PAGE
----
LEAP: Training New Student-Athletes In The Rigors Of College Academics
They've excelled in high school sports and been recruited to the UW, but before freshman athletes can take their places on the team, some of them go through an "academic boot camp."
An award-winning boot camp, in fact. The summer LEAP program, sponsored by Intercollegiate Athletics, the English Department and Undergraduate Academic Affairs, recently won the National Association of Academic Advisors for Athletics 2010 Model Practices Award.
LEAP stands for Learning + Experience + Achievement Program, and it's an intensive four-week introduction to what it means to be a college student at a top university. Fifty-one student athletes complete the program Aug. 6, and they'll leave after having had a crash course in writing, critical thinking and planning for success. Oh, and they'll pick up some college credits, too.
LEAP is in its fifth year and has a fine track record. Of the 20 students who attended the first year, seven have graduated and nine are on track to graduate this year. The others left the University in good academic standing.
"We've had some kind of bridge program since I've been here, and that's 11 years," said Pam Robenolt, who directs the LEAP program. "But we used to do it during sports camps in the fall, and that wasn't ideal. The athletes would study with us in the morning and have sports the rest of the day."
In those days, the program consisted of three-day segments of a variety of subjects, to give the athletes a taste of the academic world. "There were a lot of benefits to it, but it wasn't really an indication of what a class would be like," Robenolt said.
Then, five years ago, the National Collegiate Athletic Association changed the rule that had prohibited athletes from being brought to campus before the camps, and Robenolt sought a redesign for the program. She found her answer in English 108, a "writing ready" program the English department was teaching for the Early Fall Start program.
Now the athletes take English 108 for five credits and a grade, along with a linked, ungraded study skills class for which they get one credit.
"Writing in college is a lot different from writing in high school," Robenolt said, "and some student athletes don't come here with the same skill set as other students. We want them to learn how to think critically, how to analyze a text and how to express their ideas in writing."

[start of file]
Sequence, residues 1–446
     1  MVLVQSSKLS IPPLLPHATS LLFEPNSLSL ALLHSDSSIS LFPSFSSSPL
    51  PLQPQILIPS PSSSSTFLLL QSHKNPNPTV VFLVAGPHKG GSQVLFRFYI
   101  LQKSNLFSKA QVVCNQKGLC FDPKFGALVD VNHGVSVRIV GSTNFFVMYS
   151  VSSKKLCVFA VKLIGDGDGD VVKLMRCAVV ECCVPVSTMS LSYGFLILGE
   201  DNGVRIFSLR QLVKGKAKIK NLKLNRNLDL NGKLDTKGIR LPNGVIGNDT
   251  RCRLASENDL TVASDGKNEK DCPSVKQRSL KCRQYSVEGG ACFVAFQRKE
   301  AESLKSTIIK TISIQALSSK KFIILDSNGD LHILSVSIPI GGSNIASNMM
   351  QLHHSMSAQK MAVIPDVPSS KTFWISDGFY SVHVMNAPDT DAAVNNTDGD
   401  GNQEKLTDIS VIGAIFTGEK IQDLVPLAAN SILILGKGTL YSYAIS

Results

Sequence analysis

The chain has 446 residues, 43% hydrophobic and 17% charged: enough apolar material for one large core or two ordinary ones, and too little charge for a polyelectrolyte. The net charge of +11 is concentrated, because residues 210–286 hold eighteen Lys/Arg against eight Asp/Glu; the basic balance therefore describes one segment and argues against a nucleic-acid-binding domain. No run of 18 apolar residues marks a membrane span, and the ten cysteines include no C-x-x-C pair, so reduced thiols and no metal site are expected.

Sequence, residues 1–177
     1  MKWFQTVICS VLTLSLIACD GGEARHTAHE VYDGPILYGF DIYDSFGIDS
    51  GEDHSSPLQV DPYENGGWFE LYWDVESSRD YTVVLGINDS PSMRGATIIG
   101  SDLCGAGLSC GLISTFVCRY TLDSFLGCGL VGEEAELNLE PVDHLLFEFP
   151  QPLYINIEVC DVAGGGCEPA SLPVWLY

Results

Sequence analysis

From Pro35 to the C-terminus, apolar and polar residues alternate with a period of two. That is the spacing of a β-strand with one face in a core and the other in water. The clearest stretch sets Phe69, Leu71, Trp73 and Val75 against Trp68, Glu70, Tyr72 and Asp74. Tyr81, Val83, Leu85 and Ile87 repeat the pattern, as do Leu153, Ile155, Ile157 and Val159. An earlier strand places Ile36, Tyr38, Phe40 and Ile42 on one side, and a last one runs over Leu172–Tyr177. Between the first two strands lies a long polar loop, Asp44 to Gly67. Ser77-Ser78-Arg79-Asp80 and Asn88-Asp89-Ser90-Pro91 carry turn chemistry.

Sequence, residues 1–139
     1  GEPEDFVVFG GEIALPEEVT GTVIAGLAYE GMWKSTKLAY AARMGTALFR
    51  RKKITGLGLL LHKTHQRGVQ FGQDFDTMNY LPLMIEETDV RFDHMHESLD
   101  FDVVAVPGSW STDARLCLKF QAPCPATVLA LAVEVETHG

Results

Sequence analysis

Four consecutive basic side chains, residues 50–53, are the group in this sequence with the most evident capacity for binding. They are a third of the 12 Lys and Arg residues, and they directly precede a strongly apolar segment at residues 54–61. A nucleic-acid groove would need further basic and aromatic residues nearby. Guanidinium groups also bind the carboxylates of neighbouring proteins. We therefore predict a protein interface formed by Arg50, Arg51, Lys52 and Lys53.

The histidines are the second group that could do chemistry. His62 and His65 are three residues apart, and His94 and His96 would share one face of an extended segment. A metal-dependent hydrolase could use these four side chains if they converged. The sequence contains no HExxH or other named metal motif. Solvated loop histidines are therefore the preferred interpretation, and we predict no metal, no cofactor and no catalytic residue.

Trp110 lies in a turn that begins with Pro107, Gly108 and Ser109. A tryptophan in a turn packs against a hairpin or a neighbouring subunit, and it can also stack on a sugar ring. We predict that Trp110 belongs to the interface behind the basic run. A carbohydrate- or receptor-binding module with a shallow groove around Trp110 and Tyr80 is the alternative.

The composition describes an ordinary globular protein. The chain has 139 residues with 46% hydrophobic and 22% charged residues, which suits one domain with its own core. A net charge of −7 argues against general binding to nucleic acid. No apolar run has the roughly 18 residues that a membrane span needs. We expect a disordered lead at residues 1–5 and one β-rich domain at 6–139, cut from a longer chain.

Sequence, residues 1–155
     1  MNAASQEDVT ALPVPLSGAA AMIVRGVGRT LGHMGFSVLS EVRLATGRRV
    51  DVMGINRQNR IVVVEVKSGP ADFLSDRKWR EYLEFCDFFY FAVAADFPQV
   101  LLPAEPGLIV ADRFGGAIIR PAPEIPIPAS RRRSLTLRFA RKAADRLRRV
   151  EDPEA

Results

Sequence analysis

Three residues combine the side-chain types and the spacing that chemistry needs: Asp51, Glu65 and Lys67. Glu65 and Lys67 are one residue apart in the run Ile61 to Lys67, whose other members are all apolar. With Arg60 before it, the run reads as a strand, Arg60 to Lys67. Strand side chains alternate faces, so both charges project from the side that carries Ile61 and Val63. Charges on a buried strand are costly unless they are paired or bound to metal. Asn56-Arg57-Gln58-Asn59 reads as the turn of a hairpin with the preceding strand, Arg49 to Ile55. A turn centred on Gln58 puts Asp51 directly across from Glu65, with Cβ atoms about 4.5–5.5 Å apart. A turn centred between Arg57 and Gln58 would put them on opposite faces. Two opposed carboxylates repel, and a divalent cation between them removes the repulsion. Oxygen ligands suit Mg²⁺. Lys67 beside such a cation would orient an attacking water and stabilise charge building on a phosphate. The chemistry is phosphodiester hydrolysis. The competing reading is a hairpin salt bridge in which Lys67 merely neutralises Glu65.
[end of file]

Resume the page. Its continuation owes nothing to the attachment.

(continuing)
To that end, students spend a lot of time doing writing and getting feedback. They write a two-page paper the very first night, and write a five-to-six-page paper every week. It's a lot of work, but the students seem to appreciate it.
"I've learned a lot about how I write, things I can do better, things I can do to prepare myself. It's been amazing," said Kaitlin Ingleby, a pitcher on the softball team who came to the UW from Portland, Ore. "The one-on-one time has been most helpful. I can write a draft, turn it in, get it back that afternoon, take it to a tutor and they get your mind going, thinking about how you can expand on your ideas. It's so helpful to have the tutors here."
There are, in fact, eight tutors working with the group, in addition to three full-time staff members. During the study skills session, students often work one-on-one or in small groups, talking about lessons from English 108 or getting feedback on assignments. There are also guest speakers -- such as representatives from the Office of Minority Affairs & Diversity, sports psychologists and nutritionists.
"They don't let you fail here, they don't let you fall behind," Ingleby said. "They're not going to let you do that in this program. They want to make sure they give you all the support you need."
"It's not like a class you go to and then go home and you're on your own," added football recruit DiAndre Campbell. "You always have a support system no matter what, and they get on you if you slack off. They make sure you push yourself."
Robenolt said most students are enthusiastic despite the work. "They want to be college students," she said. "This is so different from high school, so it feels like college already and that's really exciting."
The athletes also get to go beyond the campus for three field trips to city neighborhoods. This year they went to the downtown area, to the International District and to Capitol Hill. Robenolt said their schedules are so tight during the academic year that they barely know anything outside the campus exists, so the program introduces them to places they can go easily on the bus.
Robenolt is proud that the program has won the award, for which she had to submit a complex application. "They had different categories," she said. "We entered LEAP in a Special Programs category, but we won the overall award. Of all the entries, LEAP won the Model Practices Award."
Meanwhile, having completed LEAP, the athletes are headed out -- some back home and some to camps for their sport. But the support they receive from Robenolt and her staff will continue when fall quarter begins. All will be followed through their freshman year, and for some with special needs, the support will continue as long as they're students here.
"A lot of people who enjoy working in this environment feel there's a social justice component to it," Robenolt said. "We're working with a lot of first-generation students, a lot of low-income students, a lot of underrepresented students. We're able to work one on one or in small groups as long as they need the support. You can see some amazing transformations with these students. LEAP is where it starts."
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